Winans relied on unwitting friends to round up investors, a trait of a classic Ponzi scheme. When the bonds turned out to phony, investors angrily turned on the people who recruited them.
“There are lots of marriages that have been destroyed. I know family members who aren’t speaking to each other,” Tara Hurt told the judge. The Detroit-area resident declined further comment outside court.
U.S. District Judge Sean Cox read from some of the 50 letters written by victims. He said a young woman joined the Army because her family had lost money that was intended for her college education. He noted that Winans made his pitch from church pulpits.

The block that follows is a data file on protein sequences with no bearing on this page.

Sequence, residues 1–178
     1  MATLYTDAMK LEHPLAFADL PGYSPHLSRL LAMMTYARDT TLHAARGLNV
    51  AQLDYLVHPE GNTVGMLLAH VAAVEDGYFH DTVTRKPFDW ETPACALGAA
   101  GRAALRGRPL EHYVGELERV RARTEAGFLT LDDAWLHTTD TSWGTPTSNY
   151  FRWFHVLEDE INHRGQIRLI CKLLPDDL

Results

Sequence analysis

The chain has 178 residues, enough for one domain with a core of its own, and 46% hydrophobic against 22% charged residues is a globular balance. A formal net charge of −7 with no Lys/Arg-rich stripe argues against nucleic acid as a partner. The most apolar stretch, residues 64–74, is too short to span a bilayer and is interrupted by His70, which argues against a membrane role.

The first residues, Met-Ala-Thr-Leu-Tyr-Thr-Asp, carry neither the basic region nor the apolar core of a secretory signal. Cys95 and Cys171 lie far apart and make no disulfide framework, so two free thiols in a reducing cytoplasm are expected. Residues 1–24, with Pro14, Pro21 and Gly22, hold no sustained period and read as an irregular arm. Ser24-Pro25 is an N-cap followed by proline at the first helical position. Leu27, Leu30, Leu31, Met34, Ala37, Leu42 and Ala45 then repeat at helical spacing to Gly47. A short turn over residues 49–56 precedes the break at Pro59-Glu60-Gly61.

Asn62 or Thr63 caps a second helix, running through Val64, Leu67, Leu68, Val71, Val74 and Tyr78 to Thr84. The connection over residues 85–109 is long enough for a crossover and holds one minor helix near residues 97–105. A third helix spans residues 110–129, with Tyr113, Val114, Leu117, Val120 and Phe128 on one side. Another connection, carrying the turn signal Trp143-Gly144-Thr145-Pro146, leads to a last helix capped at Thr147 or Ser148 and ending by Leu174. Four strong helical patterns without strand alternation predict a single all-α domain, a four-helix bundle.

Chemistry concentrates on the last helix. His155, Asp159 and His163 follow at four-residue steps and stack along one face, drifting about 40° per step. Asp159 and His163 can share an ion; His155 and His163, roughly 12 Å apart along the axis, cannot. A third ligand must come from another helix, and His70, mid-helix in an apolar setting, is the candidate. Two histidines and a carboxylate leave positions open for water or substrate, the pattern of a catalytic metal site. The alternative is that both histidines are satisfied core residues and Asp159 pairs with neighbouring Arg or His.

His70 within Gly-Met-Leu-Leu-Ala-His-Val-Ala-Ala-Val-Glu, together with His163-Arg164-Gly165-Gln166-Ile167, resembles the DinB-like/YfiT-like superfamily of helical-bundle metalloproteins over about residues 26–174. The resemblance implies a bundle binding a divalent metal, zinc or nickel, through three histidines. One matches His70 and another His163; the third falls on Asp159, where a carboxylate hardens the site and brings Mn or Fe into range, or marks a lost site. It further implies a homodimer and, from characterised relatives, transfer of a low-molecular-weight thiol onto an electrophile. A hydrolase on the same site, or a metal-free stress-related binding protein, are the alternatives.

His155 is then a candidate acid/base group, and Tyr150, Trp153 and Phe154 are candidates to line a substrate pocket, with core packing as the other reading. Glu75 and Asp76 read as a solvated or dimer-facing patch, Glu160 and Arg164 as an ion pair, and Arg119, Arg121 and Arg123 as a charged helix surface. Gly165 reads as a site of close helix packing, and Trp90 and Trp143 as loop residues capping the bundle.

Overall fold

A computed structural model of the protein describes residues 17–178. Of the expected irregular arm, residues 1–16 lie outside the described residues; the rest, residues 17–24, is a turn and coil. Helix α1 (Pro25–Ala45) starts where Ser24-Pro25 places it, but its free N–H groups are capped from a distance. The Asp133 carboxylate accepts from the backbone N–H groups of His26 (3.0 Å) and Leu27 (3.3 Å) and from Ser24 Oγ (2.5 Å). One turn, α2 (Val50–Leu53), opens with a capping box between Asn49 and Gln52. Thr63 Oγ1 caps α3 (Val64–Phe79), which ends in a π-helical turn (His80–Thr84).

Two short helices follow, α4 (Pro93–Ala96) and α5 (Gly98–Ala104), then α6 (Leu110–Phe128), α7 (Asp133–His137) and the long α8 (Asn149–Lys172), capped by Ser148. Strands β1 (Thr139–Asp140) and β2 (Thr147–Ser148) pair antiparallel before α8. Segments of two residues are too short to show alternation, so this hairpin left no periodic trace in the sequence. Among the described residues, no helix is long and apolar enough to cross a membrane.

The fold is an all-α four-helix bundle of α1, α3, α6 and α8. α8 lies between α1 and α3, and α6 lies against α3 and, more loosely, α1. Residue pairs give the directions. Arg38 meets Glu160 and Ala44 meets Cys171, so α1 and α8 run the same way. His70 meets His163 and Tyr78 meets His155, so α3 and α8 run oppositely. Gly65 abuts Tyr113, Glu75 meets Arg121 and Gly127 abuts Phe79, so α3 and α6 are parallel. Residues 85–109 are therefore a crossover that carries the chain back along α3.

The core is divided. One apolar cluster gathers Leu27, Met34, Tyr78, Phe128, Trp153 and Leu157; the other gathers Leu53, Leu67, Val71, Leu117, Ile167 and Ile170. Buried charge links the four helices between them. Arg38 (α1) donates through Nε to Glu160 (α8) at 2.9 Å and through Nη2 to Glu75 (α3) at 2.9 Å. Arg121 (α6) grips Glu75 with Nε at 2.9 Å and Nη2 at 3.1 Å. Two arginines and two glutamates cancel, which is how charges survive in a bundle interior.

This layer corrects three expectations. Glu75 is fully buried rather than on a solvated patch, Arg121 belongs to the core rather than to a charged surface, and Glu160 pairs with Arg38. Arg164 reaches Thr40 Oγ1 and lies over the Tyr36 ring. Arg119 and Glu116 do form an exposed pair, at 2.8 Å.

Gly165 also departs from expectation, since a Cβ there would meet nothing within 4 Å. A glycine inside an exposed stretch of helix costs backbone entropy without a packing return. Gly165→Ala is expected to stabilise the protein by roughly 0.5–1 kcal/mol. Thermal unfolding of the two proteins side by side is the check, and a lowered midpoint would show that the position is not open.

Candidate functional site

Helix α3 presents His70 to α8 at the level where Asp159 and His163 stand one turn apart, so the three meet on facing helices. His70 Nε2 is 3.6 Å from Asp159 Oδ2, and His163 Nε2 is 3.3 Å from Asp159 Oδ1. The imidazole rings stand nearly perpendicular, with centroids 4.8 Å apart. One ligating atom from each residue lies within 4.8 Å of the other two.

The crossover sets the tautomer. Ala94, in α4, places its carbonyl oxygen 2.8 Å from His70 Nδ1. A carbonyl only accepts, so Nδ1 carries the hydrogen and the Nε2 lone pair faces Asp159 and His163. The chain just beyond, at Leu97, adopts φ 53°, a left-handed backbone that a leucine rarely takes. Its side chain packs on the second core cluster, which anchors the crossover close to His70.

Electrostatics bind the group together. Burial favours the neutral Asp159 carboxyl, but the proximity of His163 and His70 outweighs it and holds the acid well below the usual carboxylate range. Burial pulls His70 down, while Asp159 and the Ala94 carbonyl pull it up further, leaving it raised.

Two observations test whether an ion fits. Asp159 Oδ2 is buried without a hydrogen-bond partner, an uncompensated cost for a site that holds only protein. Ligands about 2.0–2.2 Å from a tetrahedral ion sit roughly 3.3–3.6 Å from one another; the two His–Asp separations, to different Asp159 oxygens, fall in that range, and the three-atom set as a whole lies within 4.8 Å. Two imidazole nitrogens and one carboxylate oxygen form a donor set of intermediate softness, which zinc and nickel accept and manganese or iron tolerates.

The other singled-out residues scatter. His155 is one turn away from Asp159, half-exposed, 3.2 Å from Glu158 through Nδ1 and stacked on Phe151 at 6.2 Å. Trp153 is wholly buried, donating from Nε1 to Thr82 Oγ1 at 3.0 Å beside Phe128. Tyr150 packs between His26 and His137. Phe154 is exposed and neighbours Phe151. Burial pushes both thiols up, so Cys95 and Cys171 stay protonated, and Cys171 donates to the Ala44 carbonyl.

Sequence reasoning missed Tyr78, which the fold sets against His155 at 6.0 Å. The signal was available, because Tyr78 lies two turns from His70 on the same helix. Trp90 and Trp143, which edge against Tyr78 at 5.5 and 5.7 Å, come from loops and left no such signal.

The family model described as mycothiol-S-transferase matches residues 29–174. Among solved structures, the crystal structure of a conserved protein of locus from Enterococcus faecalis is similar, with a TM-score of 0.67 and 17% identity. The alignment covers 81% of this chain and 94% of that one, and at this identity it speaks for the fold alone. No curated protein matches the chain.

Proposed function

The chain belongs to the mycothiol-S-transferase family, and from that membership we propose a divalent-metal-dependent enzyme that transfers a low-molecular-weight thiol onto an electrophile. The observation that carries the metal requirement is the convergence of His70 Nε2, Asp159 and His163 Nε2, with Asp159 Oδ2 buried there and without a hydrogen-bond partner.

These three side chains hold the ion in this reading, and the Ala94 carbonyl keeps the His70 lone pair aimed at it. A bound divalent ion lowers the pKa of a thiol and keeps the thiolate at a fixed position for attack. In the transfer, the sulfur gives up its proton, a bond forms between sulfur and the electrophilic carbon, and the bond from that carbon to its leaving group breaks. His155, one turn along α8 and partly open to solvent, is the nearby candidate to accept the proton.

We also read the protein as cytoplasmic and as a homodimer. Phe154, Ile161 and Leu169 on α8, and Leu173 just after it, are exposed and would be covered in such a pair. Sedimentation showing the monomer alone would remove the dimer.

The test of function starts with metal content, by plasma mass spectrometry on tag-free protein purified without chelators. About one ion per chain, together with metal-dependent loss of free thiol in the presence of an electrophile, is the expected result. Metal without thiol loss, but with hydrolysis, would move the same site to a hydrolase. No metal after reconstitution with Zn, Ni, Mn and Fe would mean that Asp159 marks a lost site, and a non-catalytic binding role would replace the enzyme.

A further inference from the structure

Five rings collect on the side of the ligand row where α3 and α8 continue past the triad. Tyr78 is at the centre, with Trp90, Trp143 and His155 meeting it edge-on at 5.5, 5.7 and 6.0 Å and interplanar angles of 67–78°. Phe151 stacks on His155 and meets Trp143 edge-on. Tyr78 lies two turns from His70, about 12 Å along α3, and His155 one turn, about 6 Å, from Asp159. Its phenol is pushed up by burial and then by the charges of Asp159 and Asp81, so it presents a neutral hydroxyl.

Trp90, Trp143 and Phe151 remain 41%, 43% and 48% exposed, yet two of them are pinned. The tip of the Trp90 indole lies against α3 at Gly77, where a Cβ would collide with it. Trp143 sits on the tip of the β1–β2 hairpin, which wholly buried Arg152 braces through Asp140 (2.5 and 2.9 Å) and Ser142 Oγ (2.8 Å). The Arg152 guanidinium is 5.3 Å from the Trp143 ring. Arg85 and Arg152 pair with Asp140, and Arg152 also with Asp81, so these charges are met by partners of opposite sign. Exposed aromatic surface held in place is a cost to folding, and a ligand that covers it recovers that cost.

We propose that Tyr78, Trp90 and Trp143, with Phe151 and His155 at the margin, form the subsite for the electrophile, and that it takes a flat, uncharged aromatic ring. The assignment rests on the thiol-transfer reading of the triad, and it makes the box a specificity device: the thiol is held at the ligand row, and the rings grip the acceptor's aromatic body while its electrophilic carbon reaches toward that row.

“Fraud on good, decent church-going people — that was very, very troubling to me,” Cox said.
Cox chose a sentence that was in the guideline range of 12 ½ years to 15 ½ years in prison.
“Investor fraud schemes like this one are just a fancy way to steal other people’s money,” U.S. Attorney Barbara McQuade said.